An accusation of criminal conduct comes with a host of questions. What will happen to me? Is jail or prison time a possibility? How will this case affect my career? Each of these questions can be overwhelming by themselves, but there’s another possible penalty which can also be of concern: asset forfeiture.
What is asset forfeiture?
Asset forfeiture is the process by which a government entity seizes the property of an individual and takes ownership of that property. Both the federal government and California engage in asset forfeiture, taking ownership of property they believe has been involved in criminal activity.
California permits asset forfeiture in myriad crimes, most notably those involving illegal drugs and white-collar crimes. In California Penal Code Section 186.2, a wide variety of so-called criminal profiteering crimes are subject to asset forfeiture, from arson and felony assault to embezzlement and forgery.
How does it work?
California asset forfeiture laws and procedures are extremely complex. There are many different statutes which govern how they are used and under what circumstances. An asset forfeiture for a drug-related crime will not necessarily follow the same process as one for racketeering.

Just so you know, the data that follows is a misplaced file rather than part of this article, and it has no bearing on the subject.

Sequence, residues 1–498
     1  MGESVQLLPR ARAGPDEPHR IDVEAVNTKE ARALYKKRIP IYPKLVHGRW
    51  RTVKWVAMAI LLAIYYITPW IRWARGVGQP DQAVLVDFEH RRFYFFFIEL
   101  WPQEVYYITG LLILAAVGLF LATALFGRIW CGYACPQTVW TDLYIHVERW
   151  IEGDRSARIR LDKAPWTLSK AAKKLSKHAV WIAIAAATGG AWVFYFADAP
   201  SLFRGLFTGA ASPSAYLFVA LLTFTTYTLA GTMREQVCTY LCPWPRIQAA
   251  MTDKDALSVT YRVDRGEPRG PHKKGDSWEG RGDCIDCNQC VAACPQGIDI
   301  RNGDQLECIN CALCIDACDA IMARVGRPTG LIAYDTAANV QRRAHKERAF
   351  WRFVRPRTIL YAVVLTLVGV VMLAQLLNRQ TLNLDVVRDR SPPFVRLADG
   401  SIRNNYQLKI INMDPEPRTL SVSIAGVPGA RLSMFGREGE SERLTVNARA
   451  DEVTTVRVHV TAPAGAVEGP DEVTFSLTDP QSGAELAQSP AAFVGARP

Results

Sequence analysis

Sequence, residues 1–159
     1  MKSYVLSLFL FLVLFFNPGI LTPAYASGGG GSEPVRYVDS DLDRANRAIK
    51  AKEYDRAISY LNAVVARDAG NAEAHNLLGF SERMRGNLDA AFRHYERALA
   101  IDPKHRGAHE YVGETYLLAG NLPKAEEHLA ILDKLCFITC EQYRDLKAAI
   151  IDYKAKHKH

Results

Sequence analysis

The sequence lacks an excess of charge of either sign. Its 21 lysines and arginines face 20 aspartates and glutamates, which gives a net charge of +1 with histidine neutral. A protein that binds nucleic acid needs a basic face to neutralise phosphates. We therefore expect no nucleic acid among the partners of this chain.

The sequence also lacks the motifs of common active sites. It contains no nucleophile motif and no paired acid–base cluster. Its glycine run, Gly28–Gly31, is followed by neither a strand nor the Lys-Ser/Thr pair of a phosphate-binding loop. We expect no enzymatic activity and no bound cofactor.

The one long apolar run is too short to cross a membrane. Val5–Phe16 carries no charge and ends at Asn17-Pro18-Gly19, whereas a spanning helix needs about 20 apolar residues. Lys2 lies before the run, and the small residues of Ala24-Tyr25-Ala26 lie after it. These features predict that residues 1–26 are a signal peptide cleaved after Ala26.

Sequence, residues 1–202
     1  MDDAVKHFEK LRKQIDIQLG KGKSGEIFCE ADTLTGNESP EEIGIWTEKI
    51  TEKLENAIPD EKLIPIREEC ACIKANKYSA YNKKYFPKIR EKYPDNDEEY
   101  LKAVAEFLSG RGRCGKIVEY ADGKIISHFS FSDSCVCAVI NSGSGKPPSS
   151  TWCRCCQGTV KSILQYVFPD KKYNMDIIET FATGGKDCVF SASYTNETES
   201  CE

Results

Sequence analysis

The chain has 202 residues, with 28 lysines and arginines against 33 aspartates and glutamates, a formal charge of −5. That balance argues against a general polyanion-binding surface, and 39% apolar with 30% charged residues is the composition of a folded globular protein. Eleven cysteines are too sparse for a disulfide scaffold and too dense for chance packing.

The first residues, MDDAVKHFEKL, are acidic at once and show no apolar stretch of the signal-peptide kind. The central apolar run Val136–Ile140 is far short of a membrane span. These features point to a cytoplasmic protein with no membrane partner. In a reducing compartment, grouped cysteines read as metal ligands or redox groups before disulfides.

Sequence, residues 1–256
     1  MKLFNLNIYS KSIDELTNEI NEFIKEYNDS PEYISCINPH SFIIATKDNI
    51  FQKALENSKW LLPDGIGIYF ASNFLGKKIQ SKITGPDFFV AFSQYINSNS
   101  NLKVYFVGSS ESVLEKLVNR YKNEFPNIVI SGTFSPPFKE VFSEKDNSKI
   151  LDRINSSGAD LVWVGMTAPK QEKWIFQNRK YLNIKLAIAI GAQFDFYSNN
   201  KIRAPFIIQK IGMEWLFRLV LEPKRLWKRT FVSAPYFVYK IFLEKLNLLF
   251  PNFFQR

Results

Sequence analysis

But generally, when law enforcement is seeking asset forfeiture, it will occur alongside the criminal case. Assuming the charged individual is convicted, there will then be a separate hearing on the forfeiture. Prosecutors must then prove that the property in question was either used in the crime’s commission or obtained by way of the crime. If successful, ownership of the property changes from the accused to the government.